2. Resiliency in times of crisis
When things go wrong a hospital provides care as an essential service to the community. But if that crisis causes a power outage, hospitals can be left vulnerable and limited in the care that they are able to provide.
The use of backup generators — an emergency energy system common in many hospitals — comes with limitations. First, a generator is only as good as the ability to access diesel to run it. And even if there is a reliable diesel source, the hospital is left making manual decisions of what to turn on and what to turn off. It’s expensive, limited, and cumbersome to maintain. None of which is ideal when operating in a crisis scenario.
Cogeneration, on the other hand, provides the flexibility and resiliency hospitals require. For hospitals, a cogeneration approach means they can generate their own power onsite and use automation to scale up or down based on current needs.
3. Adaptability in facility management
The Covid-19 pandemic illuminated the importance of adaptability in our hospital systems. Having buildings that can be altered and used for multiple functions means hospitals aren’t tied to rigid rules for how to use their space as needs shift.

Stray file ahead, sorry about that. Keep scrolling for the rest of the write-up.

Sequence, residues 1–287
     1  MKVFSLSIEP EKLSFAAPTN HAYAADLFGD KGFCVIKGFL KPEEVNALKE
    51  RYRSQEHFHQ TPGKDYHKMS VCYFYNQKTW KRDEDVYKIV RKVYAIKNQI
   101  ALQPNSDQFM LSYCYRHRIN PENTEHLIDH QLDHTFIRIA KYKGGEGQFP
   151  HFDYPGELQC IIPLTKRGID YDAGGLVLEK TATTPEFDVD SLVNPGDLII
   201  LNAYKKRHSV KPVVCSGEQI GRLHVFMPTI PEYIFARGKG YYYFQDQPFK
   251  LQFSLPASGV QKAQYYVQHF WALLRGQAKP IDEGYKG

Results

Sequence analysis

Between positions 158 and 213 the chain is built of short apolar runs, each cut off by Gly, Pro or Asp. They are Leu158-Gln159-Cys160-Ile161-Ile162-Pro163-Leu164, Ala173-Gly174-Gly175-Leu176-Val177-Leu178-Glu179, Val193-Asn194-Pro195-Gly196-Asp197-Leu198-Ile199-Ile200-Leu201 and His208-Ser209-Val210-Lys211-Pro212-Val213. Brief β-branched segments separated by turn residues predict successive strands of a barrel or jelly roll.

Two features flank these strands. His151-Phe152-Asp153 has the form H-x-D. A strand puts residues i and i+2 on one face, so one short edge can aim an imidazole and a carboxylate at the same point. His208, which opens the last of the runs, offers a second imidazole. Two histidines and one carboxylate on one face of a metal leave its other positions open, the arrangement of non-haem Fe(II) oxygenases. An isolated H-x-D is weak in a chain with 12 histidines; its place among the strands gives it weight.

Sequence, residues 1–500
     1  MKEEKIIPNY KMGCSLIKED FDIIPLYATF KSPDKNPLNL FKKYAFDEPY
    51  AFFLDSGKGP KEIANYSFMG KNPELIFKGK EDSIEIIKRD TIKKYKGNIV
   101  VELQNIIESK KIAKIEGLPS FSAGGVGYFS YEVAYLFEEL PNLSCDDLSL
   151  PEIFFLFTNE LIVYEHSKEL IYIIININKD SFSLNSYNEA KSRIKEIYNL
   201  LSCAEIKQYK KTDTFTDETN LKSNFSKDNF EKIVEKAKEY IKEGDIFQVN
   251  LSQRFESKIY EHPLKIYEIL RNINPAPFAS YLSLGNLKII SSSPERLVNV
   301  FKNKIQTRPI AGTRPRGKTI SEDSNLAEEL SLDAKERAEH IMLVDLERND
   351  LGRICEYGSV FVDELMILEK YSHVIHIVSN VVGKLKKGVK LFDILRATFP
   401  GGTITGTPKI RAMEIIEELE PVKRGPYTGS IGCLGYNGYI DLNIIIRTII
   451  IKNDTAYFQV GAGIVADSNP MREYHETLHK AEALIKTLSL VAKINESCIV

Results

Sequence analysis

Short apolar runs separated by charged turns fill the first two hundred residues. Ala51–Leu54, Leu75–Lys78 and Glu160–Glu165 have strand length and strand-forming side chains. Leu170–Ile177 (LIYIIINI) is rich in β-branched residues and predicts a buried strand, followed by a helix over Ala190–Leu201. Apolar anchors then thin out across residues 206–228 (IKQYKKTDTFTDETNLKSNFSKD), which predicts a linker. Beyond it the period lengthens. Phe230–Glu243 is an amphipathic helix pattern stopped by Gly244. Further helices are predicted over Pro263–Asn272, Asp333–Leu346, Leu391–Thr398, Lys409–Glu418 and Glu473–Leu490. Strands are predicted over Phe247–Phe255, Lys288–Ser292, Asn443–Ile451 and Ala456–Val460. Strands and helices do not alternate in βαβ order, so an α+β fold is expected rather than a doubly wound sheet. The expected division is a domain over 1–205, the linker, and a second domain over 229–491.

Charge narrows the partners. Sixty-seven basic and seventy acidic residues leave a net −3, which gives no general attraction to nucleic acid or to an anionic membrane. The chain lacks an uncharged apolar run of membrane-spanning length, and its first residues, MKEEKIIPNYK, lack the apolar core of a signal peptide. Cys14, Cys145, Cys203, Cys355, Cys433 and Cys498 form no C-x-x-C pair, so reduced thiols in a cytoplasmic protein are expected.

This adaptability can only be achieved if you can control airflow throughout the building. By altering air flow to suit current needs, the hospital can successfully quarantine and treat patients with different care requirements. It’s not hard to imagine how catastrophic it would be for a patient receiving cancer treatments to accidentally be exposed to Covid or other viruses because of improper air ventilation. With cogeneration and building automation, the hospital has greater control over the entirety of its facility, making each space adaptable to be used for a variety of care options.
4. Increase energy efficiency leading to cost savings
Cogeneration essentially saves the energy that is normally lost in generation and uses it for heating or cooling. In fact, while conventional methods use only 50% of all energy produced, through cogeneration that number increases to 60-80%, making it incredibly efficient.